Monday, October 10, 2011

Stealing the Books of Blood

As a teen I read a lot of horror fiction.  A good part of my library
My copy of this book looks the same ... except
without the "By the author of ..."
was the works of Stephen King.  I read everything I could get my hands on, including interviews.  One name that kept popping up whenever King was asked about forthcoming writers worth reading was Clive Barker.  He was the future of horror.  I knew I had to keep an eye out for this Barker character.

It was almost the summer of 1986.  I was 15.  I had a job at a campground resort.  I sold fun.  We had a small campground store that had a paperback rack.  It was mostly Danielle Steel garbage and Mary Higgins Clark.  (I've tried reading one of Clark's books.  Garbage of the worst sort.)  Every once in a while you'd find a V.C. Andrews book, which drove all the intellectual teen girls wild.  But then, out of the blue, was one copy of the first volume in Clive Barker's Books of Blood.  Sweet mother of horror fiction.  There it was.  Taunting me.  A date stamp was at the top of the book.  May 26 1986.  The cheesy cover alluded to greater things inside.

I opened the book.  "The Midnight Meat Train."  "Pig Blood Blues."  These were story titles I could get behind.  "Sex, Death and Starshine" sounded like crap, but that didn't matter.  Here was the book I had wanted for far too long.  One problem.  It was $2.95.  A meager sum.  (Yes, paperbacks used to be under three bucks.)  I wasn't getting paid for a few days, however, and I was broke.  We had one copy.  Cue the dramatic music.

I figured I would be safe if I left it on the rack.  Books rarely sold, and when they did they were usually to those intellectual teen girls oh-so-sexy in their shorts as they lounged around the pool reading and inspiring teen erections.  (Really, what didn't inspire those?)  Or they sold to mothers who needed a break from the kids, and that break could be found in the steamy hetero world of Steel.

I couldn't risk it, though.  If some kid like me came in with his family, he would see it and snap it right up.  I could hide it behind another book ... one unlikely to sell quickly.  That had worked well for me in the past at my job and at various stores.  It wasn't foolproof, though.  All it took was someone pawning through the titles and nabbing it or seeing it was out of place and correcting that.  It could also be discovered by someone who, like me, was hip to the hiding trick.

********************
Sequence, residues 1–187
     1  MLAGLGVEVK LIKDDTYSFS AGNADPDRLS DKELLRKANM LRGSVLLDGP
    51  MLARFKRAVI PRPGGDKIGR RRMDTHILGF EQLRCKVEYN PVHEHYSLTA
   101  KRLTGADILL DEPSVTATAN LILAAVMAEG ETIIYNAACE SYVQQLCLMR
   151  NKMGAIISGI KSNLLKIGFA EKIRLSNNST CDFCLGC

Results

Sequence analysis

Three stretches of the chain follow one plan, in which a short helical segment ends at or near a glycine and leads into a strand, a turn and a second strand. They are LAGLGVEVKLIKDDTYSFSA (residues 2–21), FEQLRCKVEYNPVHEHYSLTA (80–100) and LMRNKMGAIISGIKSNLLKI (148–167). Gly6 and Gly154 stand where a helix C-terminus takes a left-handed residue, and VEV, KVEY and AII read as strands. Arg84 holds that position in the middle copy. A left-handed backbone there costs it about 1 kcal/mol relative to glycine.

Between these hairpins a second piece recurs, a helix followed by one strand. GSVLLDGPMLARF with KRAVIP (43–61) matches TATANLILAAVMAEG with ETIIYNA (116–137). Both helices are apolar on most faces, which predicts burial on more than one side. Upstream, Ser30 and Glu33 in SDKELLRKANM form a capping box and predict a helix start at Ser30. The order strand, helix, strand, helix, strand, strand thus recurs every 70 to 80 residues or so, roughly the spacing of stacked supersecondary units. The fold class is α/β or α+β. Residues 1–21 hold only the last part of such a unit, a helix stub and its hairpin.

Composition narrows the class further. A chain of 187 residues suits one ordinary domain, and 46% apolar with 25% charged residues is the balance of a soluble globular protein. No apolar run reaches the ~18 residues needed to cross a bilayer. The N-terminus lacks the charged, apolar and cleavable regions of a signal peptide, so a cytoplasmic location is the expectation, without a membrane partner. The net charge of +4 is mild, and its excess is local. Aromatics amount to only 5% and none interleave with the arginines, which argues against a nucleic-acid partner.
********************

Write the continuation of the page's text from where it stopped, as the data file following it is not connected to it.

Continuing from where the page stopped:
That left me with one option.  Theft. 

I've done my share of shoplifting in my time.  These days I think the only thing really worth stealing is art.  I find it to be the ultimate compliment.  In my teen years, though, anything was fair game.  I did think about whether or not anything I took was worth the risk, however.  This Barker book caused me some great mental pains.

Stealing a book was almost unforgivable.  I would be denying someone else the right to read it.  I'd be doing the same thing if I bought it, but by stealing it I would be altering the social agreement that comes with capitalism.  If you have the means, you pay for it.  Otherwise you do without.  It wasn't food, and I wasn't starving.  It was a book, a book I could go to any local bookstore and find once I got my pay check.  I had wanted this for so long, though, that common sense and decency was taking a backseat to pure, unadulterated greed.  I wanted it.  I wanted it now.  And I didn't give a crap that I didn't have the cash.

"Steal me," the mask on the cover whispered in my mind.  "Take me home.  Caress me.  Smell my pages."

So I took it.  I read it.  I enjoyed it.  I have it to this day.  Admirable?  No.  Understandable?  Of course.  It was a moment of weakness mixed with fear.  It's the same feelings that put millions of people in debt with credit card companies. 

At least I bought the other volumes. 

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